Sitnikov was in town for meetings with MIT officials, to work out the details of creating a world-class technological university.
There’s no doubt Russia has the brainpower—graduating large numbers of mathematicians, scientists and engineers. What it lacks in the post–Cold War era, said Sitnikov, is the kind of openness that spawns innovation. That means, in part, welcoming researchers from all over the world. MIT faculty and SIT faculty will work side-by-side, creating innovation.
“The university we are creating will be international both in the composition of faculty and student body as any international university should be,” Sitnikov said. “We don’t want to be closed. We want to be open.”
Russia says it will relax visa and travel restrictions to make this project work. MIT scientists and other professionals will come and go at will.
The university is the center of a radically new community. Skolkovo Innovation City—like Silicon Valley, on which it is loosely modeled—will house dozens of new startups and old businesses, including Microsoft, Nokia and Cisco Systems. The Skolkovo Institute of Technology will sit at the town’s center, sort of like a library on Main Street, but without the provincial flair. The development is funded by the Russian government in partnership with private companies.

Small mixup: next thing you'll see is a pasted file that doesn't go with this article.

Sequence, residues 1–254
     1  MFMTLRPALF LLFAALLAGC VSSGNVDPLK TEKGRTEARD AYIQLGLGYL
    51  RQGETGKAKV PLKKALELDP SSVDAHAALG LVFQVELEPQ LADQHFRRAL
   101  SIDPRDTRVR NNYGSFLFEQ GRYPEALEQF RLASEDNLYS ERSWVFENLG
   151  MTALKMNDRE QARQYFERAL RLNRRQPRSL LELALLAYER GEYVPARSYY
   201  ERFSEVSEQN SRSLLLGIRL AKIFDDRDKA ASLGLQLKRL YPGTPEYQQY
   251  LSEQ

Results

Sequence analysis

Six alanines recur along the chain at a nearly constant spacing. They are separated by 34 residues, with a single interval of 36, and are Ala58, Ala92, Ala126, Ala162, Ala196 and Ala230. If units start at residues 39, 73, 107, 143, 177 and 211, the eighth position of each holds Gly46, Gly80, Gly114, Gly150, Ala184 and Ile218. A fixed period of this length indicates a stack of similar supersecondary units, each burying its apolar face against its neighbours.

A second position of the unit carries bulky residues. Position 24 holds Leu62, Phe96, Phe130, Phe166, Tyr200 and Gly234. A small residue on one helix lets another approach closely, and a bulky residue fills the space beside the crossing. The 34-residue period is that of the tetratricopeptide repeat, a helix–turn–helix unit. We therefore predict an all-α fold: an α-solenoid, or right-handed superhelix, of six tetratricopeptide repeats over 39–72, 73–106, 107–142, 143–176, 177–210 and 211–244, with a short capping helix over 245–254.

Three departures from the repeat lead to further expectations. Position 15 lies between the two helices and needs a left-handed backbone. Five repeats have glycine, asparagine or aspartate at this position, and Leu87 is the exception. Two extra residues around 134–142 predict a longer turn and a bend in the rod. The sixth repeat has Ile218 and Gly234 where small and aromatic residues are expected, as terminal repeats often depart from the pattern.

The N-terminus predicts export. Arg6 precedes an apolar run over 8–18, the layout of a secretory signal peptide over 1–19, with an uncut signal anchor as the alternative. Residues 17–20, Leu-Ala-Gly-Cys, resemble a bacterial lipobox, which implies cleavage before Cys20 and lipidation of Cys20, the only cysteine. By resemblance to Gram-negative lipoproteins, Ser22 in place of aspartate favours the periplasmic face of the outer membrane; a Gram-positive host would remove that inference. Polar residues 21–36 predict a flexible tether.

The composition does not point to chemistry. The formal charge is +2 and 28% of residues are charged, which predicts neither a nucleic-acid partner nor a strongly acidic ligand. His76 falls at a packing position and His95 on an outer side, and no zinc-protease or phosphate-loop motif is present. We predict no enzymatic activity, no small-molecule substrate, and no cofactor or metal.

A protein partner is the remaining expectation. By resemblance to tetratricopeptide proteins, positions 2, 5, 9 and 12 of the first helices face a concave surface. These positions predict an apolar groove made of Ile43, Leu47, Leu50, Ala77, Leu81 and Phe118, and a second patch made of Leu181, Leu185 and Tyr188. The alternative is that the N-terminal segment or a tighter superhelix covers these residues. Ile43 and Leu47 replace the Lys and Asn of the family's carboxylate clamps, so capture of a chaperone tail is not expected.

Right now, Skolkovo Innovation City is an empty field, just under 1000 acres, watched over by two security guards.
But by 2017, the Foundation envisions a thriving town of 20,000 to 30,000 people, both residents and commuters from outside the country. It will have clusters of companies and office space. Unlike many Moscow suburbs, it will not be a gated community, Sitnikov said: “It will be an open town using a lot of technologies of today and tomorrow.”